Protect Your House of Worship from Arsonbeing there // on Friday May 12, 2017
It’s National Arson Awareness Week, and this year’s theme is arson prevention at houses of worship. Arson at houses of worship is more common than you might think:
- There’s been an average of 103 arson fires per year at houses of worship between 2000 and 2015 (Bureau of Alcohol, Tobacco, Firearms and Explosives’ U.S. Bomb Data Center’s Bomb Arson Tracking System)
- 51 percent of the reported incidents at U.S. houses of worship between 1996 and 2015 were determined to be caused by arson (Pew Research Center)
- The 1,600 fires at religious properties (arson and non-arson) between 2007 and 2011 amounted to $105 million in direct property damage (National Fire Protection Association)
Houses of worship are at risk for arson for several reasons, including: buildings are often unoccupied, activity schedules are often predictable and security systems are often lacking. An organization’s beliefs may also make it a target for arsonists.
By taking proactive precautionary measures inside and out, you can help arson-proof your house of worship. Here are some ways you can do that:
Outside Your Facility
- Keep doors and windows locked when the building is unoccupied.
- Keep the property free from trash, leaves, wood and other potentially combustible debris.
- Illuminate exterior buildings, doors and parking lots from sunset to sunrise.
- Install motion-activated lighting near the doors and windows.
- Trim shrubs and trees around windows and doors to eliminate potential hiding places for arsonists.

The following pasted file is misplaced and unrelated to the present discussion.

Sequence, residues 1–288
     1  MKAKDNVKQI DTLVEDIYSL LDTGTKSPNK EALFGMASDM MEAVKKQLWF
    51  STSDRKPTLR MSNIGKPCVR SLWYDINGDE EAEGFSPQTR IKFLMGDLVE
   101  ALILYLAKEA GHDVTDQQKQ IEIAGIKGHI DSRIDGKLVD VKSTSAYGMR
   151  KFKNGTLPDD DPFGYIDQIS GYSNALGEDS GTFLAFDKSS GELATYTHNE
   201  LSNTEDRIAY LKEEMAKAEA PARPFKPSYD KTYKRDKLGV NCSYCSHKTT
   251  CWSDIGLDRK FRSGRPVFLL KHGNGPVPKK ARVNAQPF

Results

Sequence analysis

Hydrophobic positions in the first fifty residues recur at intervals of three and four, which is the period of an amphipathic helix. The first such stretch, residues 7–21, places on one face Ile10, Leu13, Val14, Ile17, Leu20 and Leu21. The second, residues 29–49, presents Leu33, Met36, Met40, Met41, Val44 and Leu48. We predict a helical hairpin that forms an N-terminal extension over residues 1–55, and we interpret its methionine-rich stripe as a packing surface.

- Use wire-mesh glass in windows to help protect the building from break-ins.
- Store ladders and tools in a secure area, not outside the building.
- Install video security cameras at entrances and other key areas.
- Keep tabs on and limit the number of building keys that are distributed to others. Better yet, consider installation of a keyless electronic entry system.
Inside Your Facility
- Use timers on interior entry lights overnight.
- Store flammable liquids in a locked closet or cabinet away from any heat sources, such as heating or air conditioning equipment.
- Install a fire detection system and/or automatic sprinkler system. Have both monitored by a central station.
- Maintain inspection programs to ensure smoke and heat detectors are operational and fire extinguishers are in place and regularly serviced.
- Restrict access to areas containing valuable or combustible materials by locking interior doors.
In Your Community
- Ask neighbors to alert police if anything suspicious is seen on your property.
- Develop positive relationships with local law enforcement and invite them to patrol the property during the overnight hours.
- Establish a watch program in which members volunteer to drive through the property at various times throughout the week. Go here for information on starting a watch program.